Okay okay, so by now it's cliche for a therapist to ask about feelings. But seriously. Feelings are important! And I can't tell you the number of times I hear "okay", "fine", or "good" to this question. Since fine is not a feeling, I'm guessing that underneath this short response is a lot more than meets the eye. I'm a big believer that when we can name and understand our emotional experience, there's room to transform through it. And I know that "fine" is a bit of a social mannerism, but you can usually trust that when it's your therapist that's asking, it's okay to move beyond the surface.
I'm currently reading Peter Levine's "Healing Trauma" and feeling SO GRATEFUL that he's written out a handy list of words to describe bodily sensations. When I work with clients, I often ask them to describe thoughts, feelings, and bodily sensations of any given experience - and a lot of folks struggle with this! Most of us live in our heads and have a difficult time finding words for these other, equally important, parts of ourselves. So the next time your therapist asks how you are, instead of "okay" or "not so good", try asking yourself what sensation in your body tells you you're feeling that way.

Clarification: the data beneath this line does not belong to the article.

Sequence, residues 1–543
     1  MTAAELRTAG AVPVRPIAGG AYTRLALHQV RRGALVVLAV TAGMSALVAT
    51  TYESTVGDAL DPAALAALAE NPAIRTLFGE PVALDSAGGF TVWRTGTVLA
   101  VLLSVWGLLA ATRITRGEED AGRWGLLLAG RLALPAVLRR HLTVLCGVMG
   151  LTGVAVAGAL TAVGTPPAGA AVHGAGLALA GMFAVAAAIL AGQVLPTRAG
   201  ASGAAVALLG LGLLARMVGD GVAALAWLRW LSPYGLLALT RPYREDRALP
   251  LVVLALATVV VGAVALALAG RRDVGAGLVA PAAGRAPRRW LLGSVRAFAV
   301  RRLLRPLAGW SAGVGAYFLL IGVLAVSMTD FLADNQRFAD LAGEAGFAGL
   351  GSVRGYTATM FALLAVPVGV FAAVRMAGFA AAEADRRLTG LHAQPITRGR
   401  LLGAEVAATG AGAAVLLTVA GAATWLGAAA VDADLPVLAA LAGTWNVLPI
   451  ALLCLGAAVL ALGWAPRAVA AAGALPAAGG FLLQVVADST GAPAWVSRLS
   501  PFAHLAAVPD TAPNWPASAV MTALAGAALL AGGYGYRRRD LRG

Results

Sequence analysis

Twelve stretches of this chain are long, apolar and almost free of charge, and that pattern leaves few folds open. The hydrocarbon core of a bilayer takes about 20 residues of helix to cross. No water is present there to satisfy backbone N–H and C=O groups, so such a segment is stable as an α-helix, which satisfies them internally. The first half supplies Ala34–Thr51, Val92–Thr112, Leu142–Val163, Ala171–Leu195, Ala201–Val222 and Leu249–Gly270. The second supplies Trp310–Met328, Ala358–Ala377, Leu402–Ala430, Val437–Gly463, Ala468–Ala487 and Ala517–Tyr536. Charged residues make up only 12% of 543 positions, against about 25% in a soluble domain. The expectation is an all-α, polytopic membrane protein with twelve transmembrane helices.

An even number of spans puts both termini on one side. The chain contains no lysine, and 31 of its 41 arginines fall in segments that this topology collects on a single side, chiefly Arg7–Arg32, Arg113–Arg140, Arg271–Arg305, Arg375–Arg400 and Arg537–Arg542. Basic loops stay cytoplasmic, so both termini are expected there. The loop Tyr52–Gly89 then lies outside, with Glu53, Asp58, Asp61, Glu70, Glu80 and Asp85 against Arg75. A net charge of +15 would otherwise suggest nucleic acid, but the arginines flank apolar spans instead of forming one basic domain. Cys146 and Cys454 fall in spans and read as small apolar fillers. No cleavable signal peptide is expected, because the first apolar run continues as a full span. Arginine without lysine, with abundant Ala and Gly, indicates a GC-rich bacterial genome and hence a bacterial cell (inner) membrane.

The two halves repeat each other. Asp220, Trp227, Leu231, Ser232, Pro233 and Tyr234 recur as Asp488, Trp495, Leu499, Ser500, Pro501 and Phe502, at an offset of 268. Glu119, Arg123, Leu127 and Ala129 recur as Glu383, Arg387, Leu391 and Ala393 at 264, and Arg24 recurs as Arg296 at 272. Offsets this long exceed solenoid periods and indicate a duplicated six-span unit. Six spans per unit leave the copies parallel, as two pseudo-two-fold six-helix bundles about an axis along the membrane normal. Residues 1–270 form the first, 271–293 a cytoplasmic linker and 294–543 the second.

Working in the area of sexual violence has taught me that for many folks, understanding our experience and having a name for it can help us heal from it. Knowing the definitions of sexual assault and consent and being able to claim the word "survivor" can be extremely powerful.
Words are important. They have the power to shape how we think about the world, each other, and ourselves. Words have a huge role in our view of mental health – the use of diagnostic labels being just one example. Words also have a huge role to play in how we view others – those separated from us in terms of race, class, sexual orientation, ableness, gender, and a thousand other ways we categorize “otherness”. The words we use in that dreaded self-talk can also be a lot more impactful than we realize. This blog is a place to slow down and examine the words we use and how they impact us in both our personal and collective mental health. I believe that words are powerful, but I also believe that we have the power to change our language to shape the kind of world we want to live in.
Nicole Perry is a Registered Psychologist and writer with a private practice in Edmonton. Her approach is collaborative and feminist at its heart. She specializes in healing trauma, building shame resilience, and setting boundaries.
About the Blog
This space will provide information, stories, and answers to big questions about some of my favorite topics - boundaries, burnout, trauma, self compassion, and shame resilience - all from a feminist counselling perspective. It's also a space I'm exploring and refining new ideas.